[RC5] Protein folding. A new project???

Alan Gaul adgaul at netins.net
Thu Jan 25 21:09:23 EST 2001

I have a relative who is VERY heavily involved in topics related to protein
structures, with extensive experience using NMR (nuclear magnetic resonance)
equipment to determine the structure of similar molecules.  I relayed the
question about protein folding over the Internet, and thought the D.NET
group might be interested in the response:

"I just read over the protein folding site.  The problem of protein folding
is probably one of the most complicated problems in biochemistry right now.
Pretty much all of the computational methods used to study this are
approximations of just about everything because the computing power is never
enough.  (The project I did..[PHD thesis]..was just a small peptide, with
constraints which helps immensely, and then modeled into a protein.  The
peptide probably took me 12 hr. runs X 2 for 200 rough structures, and then
12 hr. X 20 for refining, and then much more to do the docked structure.
And usually when you try to do dynamics, motional movements, in a protein,
you set a small sphere of allowed motion and hold the rest constant.  Trying
to handle a whole protein is too computationally intensive.)

They are trying to handle this more rigorously, which is ambitious with
today's computers, but they are receiving a fair amount of interest since
they are publishing in places like Nature-Structural
Biology.....Scientifically, it is probably a very worthwhile investment.

In terms of why does anybody care?  I would definitely put it above
calculating prime numbers and chess games.  A protein is just a sequence of
amino acids and without doing NMR or crystallography, there is no way to
know what it looks like in a 3-D fold.  Predicting how a protein will fold
based on the sequence has been a problem for a very long time and probably
will be for a long time.  (They have contests every year where groups use
their computer programs to predict a protein structure while some other
group solves it experimentally.)  Protein structures teach us a lot about
how a protein works and why.

The thing everybody gets most excited about is simply structure-based drug
design (or I do anyway).  For example, the protein I worked on is an
oncogene which means one specific mutation and the protein causes lymphatic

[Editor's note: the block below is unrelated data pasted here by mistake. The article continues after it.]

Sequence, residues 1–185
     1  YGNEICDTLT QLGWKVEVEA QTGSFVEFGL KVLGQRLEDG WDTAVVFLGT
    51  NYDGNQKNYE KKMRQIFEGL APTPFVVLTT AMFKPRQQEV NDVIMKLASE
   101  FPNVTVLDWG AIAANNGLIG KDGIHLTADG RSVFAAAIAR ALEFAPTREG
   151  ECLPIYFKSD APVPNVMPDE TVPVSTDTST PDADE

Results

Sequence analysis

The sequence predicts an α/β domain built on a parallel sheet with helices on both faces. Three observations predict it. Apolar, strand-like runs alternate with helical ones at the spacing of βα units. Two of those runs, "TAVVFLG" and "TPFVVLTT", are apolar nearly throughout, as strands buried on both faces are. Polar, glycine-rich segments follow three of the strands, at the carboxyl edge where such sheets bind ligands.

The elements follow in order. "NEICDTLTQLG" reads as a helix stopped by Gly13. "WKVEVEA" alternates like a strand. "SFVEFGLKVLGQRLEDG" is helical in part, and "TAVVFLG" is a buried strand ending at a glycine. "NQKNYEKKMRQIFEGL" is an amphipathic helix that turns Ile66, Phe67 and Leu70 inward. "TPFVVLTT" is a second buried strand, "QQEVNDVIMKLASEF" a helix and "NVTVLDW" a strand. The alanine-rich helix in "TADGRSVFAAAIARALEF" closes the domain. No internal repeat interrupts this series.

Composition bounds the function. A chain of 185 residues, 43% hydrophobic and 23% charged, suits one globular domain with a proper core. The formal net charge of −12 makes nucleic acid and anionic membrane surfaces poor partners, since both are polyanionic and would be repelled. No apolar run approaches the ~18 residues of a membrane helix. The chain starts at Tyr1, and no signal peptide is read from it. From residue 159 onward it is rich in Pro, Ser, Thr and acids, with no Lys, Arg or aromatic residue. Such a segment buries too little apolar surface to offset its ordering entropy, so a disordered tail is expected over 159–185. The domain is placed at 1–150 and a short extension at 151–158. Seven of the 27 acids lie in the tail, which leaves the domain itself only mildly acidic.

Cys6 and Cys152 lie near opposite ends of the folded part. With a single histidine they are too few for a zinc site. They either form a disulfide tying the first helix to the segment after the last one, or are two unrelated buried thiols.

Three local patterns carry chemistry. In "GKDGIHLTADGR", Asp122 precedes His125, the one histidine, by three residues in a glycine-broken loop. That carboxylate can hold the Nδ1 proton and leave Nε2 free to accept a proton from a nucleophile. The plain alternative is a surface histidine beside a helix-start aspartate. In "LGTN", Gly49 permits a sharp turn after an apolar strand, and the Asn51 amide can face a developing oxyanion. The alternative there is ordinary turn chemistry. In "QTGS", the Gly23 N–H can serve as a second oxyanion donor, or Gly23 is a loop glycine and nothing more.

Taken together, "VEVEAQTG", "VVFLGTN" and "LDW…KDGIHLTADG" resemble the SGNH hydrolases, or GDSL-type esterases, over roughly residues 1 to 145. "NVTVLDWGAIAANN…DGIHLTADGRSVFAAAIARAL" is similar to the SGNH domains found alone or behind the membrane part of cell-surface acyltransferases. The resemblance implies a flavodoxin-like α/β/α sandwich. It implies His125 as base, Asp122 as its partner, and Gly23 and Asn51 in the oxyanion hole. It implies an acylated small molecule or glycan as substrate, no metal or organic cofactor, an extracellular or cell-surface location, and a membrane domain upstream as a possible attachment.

cancer.  If you know how the protein (an enzyme) is folded, you can use that
structure to model in potential drugs.  Places like Abbott Labs are
using structure-based drug design to a high degree of success.

The whole human genome project is also now giving way to what's called
structural genomics.  That means, now we have a bunch of gene sequences that
we can translate into protein amino acid sequences, but we have no idea what
any of the structures look like.  Structural genomics is mostly brute force
trying to solve thousands of structures by crystallography and/or NMR (a
very daunting somewhat controversial task).  If someone could accurately and
reliably predict the structures computationally, life would definitely be


I usually just "lurk" on the sidelines here, and cannot claim any real level
of expertise on distributed computing.  I've always been impressed by the
efforts put forth by the D.NET group, and it certainly appears that D.NET
has a significantly more mature system for managing large distributed
projects.  Any new project obviously represents a huge effort for a
volunteer organization, so the goals should be selected carefully.

The Stanford group appears to be very knowledgable regarding protein
folding, and has source code posted for at least part of their algorithm.
They are building a distributed network to work on a single project.  In
contrast, D.NET has significantly more expertise in distributed computing,
with a system in place proven to handle multiple large projects
simultaneously and experienced programmers capable of optimizing code for
this system.  I think it would be a good match if a way could be found to
assist in their efforts without losing our identity as a group.

My thought would be for D.NET to work with the Stanford group to create a
client specific to our existing distributed network.  The workload would be
distributed the same way the RC5 and ORG projects are handled now, with the
results from our many volunteers tallied on the stats box the same way.  The
twist would be that the final results would be submitted to the Stanford
project as a single large contributor in D.NET's name.  We would essentially
be a VERY large team, and would probably rank #1 on their statistics very
quickly.  Given the press their project is likely to get, this would create
additional publicity for D.NET that might help draw more volunteers
interested in our other projects as well.

Just my $0.02 worth.....

> -----Original Message-----
> From: owner-rc5 at lists.distributed.net
> [mailto:owner-rc5 at lists.distributed.net]On Behalf Of Sanford Olson
> Sent: Sunday, January 21, 2001 8:46 PM
> To: rc5 at lists.distributed.net
> Subject: [RC5] Protein folding. A new project???
> This group at Stanford seems to be building a distributed
> computer network
> from scratch.  Also, their client software is somewhat buggy.  Perhaps
> Distributed.Net should help them out??  Seems like a very
> worthwhile project.
>  >>PROJECT GOALS: Solving the protein folding problem
>  >>
>  >>Understanding how proteins self-assemble ("protein folding") is a holy
> grail >>of modern molecular biophysics. What makes it such a great
> challenge is its >>complexity, which renders simulations of folding
> extremely computationally >>demanding and difficult to understand.
> Check out this web site:
> http://www.stanford.edu/group/pandegroup/Cosm/index.html
> --
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